One of beer’s most intriguing features is its sense of place, the idea that you can taste something from a certain region, even a highly specific location, and that each particular combination of sweet, sour, bitter, salty and umami — as well as untold millions of individual flavors — only exists for a particular brew from a particular place. At least in Czech terms, this is considered to be true for Pilsner, though elsewhere “Pilsner,” “Pilsener” and “Pils” mean vastly different things. In Norway, it could be something like Rogalands Pils, from Egersund, in the south of the country, or Mack Arctic Beer, a lager from Tromsø, way up inside the Arctic Circle.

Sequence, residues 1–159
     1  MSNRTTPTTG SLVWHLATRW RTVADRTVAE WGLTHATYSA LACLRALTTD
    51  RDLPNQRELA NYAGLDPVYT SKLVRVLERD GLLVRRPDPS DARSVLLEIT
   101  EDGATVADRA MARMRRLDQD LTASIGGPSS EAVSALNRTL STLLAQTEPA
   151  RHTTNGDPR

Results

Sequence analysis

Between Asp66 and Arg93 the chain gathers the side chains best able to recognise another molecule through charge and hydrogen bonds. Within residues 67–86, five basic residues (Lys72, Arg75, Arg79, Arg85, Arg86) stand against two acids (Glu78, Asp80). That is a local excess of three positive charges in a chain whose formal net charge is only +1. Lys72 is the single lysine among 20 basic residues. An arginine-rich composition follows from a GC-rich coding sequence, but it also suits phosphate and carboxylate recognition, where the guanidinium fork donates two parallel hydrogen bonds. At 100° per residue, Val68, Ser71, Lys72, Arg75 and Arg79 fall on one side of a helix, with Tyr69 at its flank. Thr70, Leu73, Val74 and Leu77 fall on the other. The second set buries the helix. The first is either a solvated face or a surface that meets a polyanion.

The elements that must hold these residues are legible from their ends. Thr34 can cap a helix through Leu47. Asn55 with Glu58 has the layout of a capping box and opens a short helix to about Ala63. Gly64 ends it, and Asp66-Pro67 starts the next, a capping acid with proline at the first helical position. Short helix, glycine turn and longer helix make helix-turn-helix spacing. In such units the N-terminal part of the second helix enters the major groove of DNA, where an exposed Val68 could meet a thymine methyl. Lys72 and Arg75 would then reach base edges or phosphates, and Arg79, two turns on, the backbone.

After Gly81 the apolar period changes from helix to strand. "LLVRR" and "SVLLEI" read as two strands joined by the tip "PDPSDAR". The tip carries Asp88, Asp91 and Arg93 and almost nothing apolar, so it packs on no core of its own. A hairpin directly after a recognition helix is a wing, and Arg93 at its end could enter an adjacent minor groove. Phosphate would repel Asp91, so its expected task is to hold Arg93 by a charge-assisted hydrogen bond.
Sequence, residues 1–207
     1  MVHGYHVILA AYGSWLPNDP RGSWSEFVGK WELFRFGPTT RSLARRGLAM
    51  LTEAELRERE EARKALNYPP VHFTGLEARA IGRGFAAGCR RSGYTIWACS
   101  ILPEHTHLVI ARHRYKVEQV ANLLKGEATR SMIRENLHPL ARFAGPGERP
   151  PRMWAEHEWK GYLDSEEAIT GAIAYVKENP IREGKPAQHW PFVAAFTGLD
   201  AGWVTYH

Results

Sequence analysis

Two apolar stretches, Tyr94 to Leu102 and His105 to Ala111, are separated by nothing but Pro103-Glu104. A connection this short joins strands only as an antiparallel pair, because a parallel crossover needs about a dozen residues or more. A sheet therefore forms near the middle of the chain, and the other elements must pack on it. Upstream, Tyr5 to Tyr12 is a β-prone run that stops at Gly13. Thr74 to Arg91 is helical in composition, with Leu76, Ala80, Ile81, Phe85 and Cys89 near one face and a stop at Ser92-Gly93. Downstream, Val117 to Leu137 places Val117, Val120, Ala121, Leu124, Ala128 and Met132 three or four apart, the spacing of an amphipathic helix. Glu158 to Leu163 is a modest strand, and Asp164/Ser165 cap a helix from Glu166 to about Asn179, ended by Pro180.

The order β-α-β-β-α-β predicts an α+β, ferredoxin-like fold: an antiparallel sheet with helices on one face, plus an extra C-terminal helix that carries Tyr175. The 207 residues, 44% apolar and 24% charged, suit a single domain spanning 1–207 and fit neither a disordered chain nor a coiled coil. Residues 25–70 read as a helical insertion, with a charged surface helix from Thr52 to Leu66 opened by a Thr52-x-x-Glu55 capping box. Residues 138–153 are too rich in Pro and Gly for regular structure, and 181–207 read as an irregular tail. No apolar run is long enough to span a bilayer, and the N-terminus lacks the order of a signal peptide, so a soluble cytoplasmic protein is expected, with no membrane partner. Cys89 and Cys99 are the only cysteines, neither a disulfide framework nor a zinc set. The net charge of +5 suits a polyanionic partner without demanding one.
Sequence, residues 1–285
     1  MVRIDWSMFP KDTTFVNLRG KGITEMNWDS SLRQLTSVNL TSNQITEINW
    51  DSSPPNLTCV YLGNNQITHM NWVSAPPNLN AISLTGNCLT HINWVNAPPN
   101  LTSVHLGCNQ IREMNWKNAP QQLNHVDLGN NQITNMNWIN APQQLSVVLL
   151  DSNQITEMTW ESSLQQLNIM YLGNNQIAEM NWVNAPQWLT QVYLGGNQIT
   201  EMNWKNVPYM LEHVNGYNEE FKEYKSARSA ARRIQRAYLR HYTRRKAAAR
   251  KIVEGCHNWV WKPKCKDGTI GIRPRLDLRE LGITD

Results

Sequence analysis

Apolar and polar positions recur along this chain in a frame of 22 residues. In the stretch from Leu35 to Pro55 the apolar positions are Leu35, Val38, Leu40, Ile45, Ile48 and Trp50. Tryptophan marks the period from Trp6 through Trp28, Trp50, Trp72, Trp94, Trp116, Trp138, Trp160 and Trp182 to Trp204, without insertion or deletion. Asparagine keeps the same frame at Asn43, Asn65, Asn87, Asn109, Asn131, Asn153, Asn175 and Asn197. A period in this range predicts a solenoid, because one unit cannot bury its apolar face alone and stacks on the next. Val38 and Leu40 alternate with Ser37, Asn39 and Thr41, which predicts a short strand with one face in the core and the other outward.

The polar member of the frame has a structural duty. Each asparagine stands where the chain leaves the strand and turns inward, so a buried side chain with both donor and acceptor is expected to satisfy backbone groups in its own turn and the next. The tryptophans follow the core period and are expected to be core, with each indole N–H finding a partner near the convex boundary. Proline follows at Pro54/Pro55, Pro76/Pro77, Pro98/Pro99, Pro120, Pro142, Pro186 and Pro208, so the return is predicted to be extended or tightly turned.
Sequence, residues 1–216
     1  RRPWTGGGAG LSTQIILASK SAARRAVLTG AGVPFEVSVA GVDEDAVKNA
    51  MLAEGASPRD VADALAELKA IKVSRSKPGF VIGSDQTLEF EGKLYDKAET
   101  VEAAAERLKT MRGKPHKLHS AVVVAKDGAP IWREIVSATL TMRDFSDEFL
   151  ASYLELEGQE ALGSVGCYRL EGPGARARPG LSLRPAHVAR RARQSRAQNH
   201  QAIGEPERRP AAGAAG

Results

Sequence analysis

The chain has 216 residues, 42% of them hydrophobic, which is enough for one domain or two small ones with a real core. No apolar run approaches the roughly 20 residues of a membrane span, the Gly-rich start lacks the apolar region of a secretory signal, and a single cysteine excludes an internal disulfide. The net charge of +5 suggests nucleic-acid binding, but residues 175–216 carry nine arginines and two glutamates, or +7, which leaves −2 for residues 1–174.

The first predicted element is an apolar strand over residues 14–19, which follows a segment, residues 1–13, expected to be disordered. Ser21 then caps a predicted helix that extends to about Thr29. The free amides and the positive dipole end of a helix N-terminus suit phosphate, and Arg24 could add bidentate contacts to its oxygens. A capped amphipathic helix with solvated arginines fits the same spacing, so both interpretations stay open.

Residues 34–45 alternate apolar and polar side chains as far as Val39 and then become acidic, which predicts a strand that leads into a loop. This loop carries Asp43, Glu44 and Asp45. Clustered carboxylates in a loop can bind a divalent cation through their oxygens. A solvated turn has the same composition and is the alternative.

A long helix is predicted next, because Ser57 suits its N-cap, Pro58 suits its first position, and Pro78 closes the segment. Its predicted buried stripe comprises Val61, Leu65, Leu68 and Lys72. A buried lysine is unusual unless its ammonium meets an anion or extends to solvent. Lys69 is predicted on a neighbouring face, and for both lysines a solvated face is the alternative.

These two showed up here via Kjetil Haugland and Geir Taule, two Norwegian beer fans who brought some of the local goods with them on their recent trip to Prague. When someone asks “Have you ever seen this beer before?” while offering up a can from the world’s northernmost brewery, you pretty much jump at the chance to make a trade.

So if the true Pilsner is a reflection of a specific place in the Czech Republic, what do Pils beers from Norway taste like?

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